Arbitration in its today's dimension is a phenomenon that represents an
alternative system to a state organized litigation. Arbitration is way of
settling disputes among subjects in various fields of economic activities. There
is commercial arbitration which is the most spread and used in the world, sport
arbitration, mixed arbitration and others.
Arbitration is a private system of litigation in which private neutrals are
called by parties to resolve their dispute. Arbitration held by individual
neutrals chosen particularly for determinate cause is called ad hoc arbitration.
In response to a stabilization of arbitration procedure, the arbitration
institutions were established to provide arbitrational services and other
dispute resolution services. Arbitration administrated by such institutions is
in theory called institutional arbitration, which is the subject of present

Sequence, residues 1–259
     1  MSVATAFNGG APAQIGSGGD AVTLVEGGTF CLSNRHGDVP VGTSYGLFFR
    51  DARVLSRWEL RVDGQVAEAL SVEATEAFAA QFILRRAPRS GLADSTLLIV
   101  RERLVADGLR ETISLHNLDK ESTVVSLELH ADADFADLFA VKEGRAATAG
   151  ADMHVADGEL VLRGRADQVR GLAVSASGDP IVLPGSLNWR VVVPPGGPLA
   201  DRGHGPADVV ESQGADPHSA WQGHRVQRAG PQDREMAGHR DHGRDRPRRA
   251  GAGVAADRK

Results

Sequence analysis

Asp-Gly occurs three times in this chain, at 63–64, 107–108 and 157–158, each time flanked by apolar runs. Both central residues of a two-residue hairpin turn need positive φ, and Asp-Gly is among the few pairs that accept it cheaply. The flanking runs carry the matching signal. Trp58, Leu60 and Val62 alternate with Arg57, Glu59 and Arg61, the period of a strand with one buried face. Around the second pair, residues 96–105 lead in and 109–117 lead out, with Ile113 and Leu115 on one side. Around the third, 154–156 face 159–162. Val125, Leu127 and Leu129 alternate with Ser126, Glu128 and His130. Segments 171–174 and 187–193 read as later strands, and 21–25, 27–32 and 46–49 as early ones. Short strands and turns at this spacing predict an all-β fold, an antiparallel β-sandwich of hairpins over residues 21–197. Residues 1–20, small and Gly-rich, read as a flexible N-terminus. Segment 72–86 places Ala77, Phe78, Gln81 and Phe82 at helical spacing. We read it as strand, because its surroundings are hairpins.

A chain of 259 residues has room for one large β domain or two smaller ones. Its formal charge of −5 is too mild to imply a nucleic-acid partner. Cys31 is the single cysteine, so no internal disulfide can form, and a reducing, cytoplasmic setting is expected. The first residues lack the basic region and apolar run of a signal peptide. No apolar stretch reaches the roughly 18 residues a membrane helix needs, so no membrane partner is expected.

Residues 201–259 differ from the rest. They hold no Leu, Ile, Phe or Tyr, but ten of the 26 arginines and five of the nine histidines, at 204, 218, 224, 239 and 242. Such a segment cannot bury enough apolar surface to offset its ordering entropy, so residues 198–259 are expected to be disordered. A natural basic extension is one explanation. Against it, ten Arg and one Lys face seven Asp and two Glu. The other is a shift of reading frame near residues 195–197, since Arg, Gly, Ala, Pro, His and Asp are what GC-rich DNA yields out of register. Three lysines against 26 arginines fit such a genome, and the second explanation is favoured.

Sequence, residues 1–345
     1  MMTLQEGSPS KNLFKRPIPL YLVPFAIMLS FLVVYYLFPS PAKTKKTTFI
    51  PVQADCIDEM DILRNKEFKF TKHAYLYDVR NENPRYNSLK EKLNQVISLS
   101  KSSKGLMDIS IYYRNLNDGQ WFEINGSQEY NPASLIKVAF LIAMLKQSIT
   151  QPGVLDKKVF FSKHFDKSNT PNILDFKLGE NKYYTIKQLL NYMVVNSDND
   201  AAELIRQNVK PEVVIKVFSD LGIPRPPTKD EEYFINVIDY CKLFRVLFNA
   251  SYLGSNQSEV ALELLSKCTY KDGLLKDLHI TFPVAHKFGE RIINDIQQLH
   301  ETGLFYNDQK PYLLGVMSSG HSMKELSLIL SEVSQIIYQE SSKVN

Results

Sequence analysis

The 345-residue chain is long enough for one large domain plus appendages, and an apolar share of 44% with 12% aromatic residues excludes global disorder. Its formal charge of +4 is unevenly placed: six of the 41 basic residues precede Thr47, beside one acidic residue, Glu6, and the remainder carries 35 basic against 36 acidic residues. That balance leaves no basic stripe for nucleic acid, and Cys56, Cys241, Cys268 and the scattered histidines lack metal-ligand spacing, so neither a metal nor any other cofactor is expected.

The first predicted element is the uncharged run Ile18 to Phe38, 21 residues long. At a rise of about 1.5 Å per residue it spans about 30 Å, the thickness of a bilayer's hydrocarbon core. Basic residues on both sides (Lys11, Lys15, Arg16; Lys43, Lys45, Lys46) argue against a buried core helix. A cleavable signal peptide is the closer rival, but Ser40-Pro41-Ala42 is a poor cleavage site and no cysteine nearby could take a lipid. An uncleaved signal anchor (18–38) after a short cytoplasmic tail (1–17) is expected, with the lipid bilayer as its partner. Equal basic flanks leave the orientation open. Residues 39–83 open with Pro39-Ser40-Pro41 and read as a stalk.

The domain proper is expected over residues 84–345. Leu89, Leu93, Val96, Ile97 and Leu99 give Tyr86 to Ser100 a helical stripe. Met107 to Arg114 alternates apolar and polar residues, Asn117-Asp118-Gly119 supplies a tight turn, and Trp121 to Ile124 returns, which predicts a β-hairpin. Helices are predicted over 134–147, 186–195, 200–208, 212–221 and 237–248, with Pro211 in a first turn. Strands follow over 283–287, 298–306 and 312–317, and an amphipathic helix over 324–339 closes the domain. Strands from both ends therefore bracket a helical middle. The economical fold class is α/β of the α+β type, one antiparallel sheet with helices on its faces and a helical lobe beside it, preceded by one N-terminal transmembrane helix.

The Supreme Court has, in its latest judgment in the case of Board of Cricket
Council of India v. Kochi Cricket Board
, settled an important issue about
the applicability of the 2015 amendments to the Arbitration and Conciliation
Act, 1996. The Court was called upon to decide whether section 36 of the Act, as
amended by the 2015 Amendment Act, was applicable to applications filed under
section 34 before the commencement of the Amendment Act. The Court decided in
the affirmative. The decision is welcome as it is in line with the
pro-arbitration approach followed by the Supreme Court in its recent decisions.
Section 26 of the 2015 Amendment Act, which deals with the applicability of the
amendments, has been controversial ever since its introduction as it left